[10] Research has examined the economic burden of endometriosis,

[10] Research has examined the economic burden of endometriosis, a type of CPP that is related to sexual pain and found that costs were high and comparable with other chronic diseases such as diabetes, rheumatoid arthritis, and Crohn’s disease.[11] Headaches can also be commonly associated with somatic complaints and can be comorbid with psychological consequences such as depression. The chronicity of headaches appears to increase the severity and likelihood of somatic and depressive symptoms.[12] Chronic migraines are also reported to have a significant Ixazomib manufacturer economic burden, specifically in terms of productivity loss, overall costs, resource

utilization, and medication use.[13] Given the significant impact of CPP and chronic headache on patient health and the economy, more research is needed in this area. Because CPP and chronic headache commonly coexist in patients, research has compared patient reports on physical, psychological, and social measures in these chronic pain populations. For example, 1 study compared patients with CPP and chronic headache on pain levels, affective distress, depression, anxiety, personality function, and marital and sexual relationship satisfaction. Women in the chronic headache group reported greater pain severity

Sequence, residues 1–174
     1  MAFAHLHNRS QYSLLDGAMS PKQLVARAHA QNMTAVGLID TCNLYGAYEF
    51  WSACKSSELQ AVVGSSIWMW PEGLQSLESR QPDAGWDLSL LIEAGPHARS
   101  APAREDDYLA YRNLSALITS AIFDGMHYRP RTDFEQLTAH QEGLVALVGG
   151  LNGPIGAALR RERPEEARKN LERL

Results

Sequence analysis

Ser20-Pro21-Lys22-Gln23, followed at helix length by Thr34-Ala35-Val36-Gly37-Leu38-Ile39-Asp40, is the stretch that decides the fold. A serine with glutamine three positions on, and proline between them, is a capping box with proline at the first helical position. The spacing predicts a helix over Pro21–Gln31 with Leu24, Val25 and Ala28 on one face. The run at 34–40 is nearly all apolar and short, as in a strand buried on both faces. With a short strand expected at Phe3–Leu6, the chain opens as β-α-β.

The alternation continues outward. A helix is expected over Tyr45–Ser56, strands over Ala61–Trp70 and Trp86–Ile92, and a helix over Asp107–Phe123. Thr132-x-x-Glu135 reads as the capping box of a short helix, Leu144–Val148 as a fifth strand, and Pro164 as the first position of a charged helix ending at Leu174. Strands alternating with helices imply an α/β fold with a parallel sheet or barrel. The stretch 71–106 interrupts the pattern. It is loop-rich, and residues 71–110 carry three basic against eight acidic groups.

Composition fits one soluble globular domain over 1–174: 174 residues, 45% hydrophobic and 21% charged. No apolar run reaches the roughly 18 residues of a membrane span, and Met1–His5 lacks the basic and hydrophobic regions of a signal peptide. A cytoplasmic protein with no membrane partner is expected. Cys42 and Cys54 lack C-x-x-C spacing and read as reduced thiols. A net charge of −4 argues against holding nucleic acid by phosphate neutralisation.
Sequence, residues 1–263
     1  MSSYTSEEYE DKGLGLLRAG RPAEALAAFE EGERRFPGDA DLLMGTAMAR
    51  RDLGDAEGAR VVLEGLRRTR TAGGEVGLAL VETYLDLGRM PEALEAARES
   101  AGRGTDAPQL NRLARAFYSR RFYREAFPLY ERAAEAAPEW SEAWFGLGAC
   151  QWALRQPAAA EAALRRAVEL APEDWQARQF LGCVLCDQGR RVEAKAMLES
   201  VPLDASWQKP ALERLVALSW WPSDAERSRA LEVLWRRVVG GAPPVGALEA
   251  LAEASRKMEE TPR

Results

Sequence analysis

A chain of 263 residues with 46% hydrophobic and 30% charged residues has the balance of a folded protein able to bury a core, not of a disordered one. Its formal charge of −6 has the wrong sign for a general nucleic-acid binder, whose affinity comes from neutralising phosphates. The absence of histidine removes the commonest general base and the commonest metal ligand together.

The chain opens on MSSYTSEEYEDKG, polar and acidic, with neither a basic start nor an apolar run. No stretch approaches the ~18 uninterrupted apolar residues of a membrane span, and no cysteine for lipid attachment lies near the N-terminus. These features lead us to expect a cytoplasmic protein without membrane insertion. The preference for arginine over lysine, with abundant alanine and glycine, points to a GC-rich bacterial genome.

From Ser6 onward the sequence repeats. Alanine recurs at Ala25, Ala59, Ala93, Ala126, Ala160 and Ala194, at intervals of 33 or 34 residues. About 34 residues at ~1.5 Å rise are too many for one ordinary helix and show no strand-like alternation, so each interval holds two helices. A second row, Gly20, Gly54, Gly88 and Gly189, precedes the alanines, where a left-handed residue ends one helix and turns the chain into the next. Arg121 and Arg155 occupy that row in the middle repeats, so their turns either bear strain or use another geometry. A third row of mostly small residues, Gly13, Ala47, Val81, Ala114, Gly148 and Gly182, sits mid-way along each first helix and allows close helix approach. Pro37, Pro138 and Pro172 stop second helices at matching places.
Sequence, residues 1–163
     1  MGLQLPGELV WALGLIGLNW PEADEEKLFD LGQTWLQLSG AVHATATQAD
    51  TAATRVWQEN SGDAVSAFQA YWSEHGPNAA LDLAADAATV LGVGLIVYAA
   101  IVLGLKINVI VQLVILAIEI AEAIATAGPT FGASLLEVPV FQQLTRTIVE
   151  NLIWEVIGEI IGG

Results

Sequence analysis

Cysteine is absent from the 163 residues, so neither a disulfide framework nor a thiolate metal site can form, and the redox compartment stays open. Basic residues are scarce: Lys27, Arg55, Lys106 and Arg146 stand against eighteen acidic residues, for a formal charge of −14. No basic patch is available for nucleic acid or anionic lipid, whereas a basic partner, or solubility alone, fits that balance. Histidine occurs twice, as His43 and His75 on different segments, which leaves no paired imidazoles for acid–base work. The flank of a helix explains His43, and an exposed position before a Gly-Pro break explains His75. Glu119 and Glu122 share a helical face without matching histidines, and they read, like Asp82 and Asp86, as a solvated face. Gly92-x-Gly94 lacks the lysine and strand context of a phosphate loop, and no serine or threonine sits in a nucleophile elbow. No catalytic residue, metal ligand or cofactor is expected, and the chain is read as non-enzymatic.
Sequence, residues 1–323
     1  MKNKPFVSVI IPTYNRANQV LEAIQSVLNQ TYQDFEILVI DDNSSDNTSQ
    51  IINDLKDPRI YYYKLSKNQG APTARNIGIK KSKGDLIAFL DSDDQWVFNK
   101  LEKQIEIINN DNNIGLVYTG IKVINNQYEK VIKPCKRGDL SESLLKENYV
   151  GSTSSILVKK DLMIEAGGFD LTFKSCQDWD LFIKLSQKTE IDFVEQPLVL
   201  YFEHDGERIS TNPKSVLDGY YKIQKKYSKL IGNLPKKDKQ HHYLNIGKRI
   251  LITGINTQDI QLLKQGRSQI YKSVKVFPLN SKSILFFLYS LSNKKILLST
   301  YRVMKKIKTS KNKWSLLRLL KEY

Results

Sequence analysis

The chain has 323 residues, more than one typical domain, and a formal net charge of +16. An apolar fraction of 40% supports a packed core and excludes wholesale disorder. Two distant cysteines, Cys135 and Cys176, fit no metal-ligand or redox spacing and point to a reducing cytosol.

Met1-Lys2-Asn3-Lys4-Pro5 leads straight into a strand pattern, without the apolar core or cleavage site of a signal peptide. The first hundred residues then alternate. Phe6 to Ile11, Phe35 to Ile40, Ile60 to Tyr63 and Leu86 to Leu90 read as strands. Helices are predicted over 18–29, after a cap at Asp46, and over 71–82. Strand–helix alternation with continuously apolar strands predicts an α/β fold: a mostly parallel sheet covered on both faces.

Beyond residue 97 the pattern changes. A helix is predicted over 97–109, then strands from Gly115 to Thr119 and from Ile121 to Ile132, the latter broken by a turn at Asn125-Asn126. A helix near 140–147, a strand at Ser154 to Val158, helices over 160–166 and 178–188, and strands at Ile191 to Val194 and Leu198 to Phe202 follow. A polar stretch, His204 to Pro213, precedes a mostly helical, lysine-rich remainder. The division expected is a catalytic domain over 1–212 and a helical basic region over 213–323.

and obsessive-compulsive traits, while women in high throughput screening the CPP group reported greater impairment in marital satisfaction and sexual ability.[14] The authors point out that the finding of greater pain severity in the chronic headache group may be due to the fact that these women presented with significantly longer duration of pain compared with women in the CPP group. Another study that examined both CPP and chronic headache indicated that pain was more frequent

and had a greater impact on the lives of those with pelvic pain (specifically endometriosis) compared with women with headache; however, social support scores were lower in women with headache. In addition, women with pelvic pain found that their health care providers (HCPs) doubted a physical etiology for their 上海皓元医药股份有限公司 symptoms and were less satisfied with care than women with migraines. Stress levels were no higher in the pelvic pain group than migraine.[15] Although research indicates differences in symptoms across studies for CPP and chronic headache, it is clear that women with these conditions suffer from a variety of issues. There is little research exploring the association of sexual pain and chronic headaches; however, Karp, Sinaii, Nieman, Silberstein, and Stratton reported the 1-year prevalence of migraine in women with pelvic pain to be 3 times that of the general population (53% vs 18%).[16] We do not know if these disorders are related, although there has been interest expressed by the National Vulvodynia Association to better understand how vulvodynia relates to other chronic pain disorders.

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